Published: Sun, February 04, 2018
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Cellphone radiation likely causes no harm to humans but there's no evidence

Cellphone radiation likely causes no harm to humans but there's no evidence

Male rats exposed to very high levels of the kind of radiation emitted by cellphones developed tumors in the tissues around their hearts, according to a draft report by USA government researchers on the potential health risks of the devices.

The rat study released Friday found a small increase in an unusual type of heart tumour in male rats, but there were no significant problems in female rats or in a separate study of mice.

The rodents in the studies were exposed to radiation nine hours a day for two years, more than people experience even with a lot of cellphone use, so the results can not be applied directly to humans, said John Bucher, a senior scientist at the National Toxicology Program, during a telephone news briefing.

"I haven't changed the way I use a cellphone", Bucher said on a call with reporters.

However, until some more conclusive studies to prove or dismiss the risks, scientists recommend cell phone users not to exaggerate with mobile phones use.

The studies involved 3,000 mice and rats which were exposed to radiation similar to that of the cell phones.

In male rats, the studies linked tumors in the heart to high exposure to radiation from the phones.


Some studies have found limited evidence of an increased risk of cancer from mobile phone use, according to the online notice from the National Institute of Environmental Health Sciences.

Unlike ionizing radiation such as that from gamma rays, radon and X-rays, which can break chemical bonds in the body and are known to cause cancer, radiofrequency devices such as cellphones and microwaves emit radiofrequency energy, a form of non-ionizing radiation.

John Bucher, a senior scientist with National Toxicology Program of United States, said the tumours observed in the studies 'are similar to tumours previously reported in some studies of frequent cellphone users. NTP will hold an external expert review of its complete findings from these rodent studies March 26-28. Females didn't. Exposed animals also showed signs of DNA damage, which experts thought wasn't possible. Overall, there was little indication of health problems in mice related to RFR.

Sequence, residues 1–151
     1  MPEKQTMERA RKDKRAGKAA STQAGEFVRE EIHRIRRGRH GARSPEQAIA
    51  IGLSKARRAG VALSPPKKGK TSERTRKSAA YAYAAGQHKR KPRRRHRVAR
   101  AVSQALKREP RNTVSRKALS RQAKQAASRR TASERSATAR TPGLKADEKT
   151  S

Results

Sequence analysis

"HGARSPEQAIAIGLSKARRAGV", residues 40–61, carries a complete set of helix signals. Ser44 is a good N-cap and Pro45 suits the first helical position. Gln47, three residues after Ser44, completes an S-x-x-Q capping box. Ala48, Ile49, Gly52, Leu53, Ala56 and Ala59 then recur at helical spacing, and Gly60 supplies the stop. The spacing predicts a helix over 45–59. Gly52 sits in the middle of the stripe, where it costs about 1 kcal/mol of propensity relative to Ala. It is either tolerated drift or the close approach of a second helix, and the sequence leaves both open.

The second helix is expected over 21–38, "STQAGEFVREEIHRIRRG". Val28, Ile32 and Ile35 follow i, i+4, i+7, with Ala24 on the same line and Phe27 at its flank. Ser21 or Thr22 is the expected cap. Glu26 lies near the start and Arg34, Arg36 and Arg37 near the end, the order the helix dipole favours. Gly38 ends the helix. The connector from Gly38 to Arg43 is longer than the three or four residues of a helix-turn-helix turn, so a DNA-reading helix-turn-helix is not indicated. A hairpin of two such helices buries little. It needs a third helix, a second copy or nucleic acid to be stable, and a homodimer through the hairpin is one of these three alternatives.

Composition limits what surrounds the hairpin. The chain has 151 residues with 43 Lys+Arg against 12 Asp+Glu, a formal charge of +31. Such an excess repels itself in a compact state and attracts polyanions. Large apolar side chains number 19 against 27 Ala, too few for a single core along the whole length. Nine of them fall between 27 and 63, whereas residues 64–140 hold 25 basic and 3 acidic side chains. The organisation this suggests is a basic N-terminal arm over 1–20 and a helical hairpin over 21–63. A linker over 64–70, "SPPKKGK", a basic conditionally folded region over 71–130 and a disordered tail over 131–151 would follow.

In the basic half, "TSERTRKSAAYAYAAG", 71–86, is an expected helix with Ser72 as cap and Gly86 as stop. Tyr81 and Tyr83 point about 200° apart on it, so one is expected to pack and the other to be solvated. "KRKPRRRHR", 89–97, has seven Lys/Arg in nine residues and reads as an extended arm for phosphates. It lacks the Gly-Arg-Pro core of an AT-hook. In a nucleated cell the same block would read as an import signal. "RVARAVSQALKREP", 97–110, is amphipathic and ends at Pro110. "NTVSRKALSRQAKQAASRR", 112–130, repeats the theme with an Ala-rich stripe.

He said the findings are meant to help inform the design of future cell phone technologies.

The reports also point out statistically significant increases in the number of rats and mice with tumors found in other organs at one or more of the exposure levels studied, including the brain, prostate gland, pituitary gland, adrenal gland, liver, and pancreas. Exposure levels ranged from 1.5 to 6 watts per kilogram (W/kg) in rats, and 2.5 to 10 W/kg in mice.

Notably, these studies were done using 2G and 3G frequencies and not the high-speed and advanced 4G and 5G networks. "Cell phone technologies are constantly changing, and these findings provide valuable information to help guide future studies of cell phone safety".

And Justin Cole, assistant vice president of public affairs for CTIA, a trade group for the wireless industry, pointed out that numerous organizations including the FDA, the American Cancer Society, and the Federal Communications Commission have long concluded that there is no proven health risk associated with radiation emitted by cell phones.

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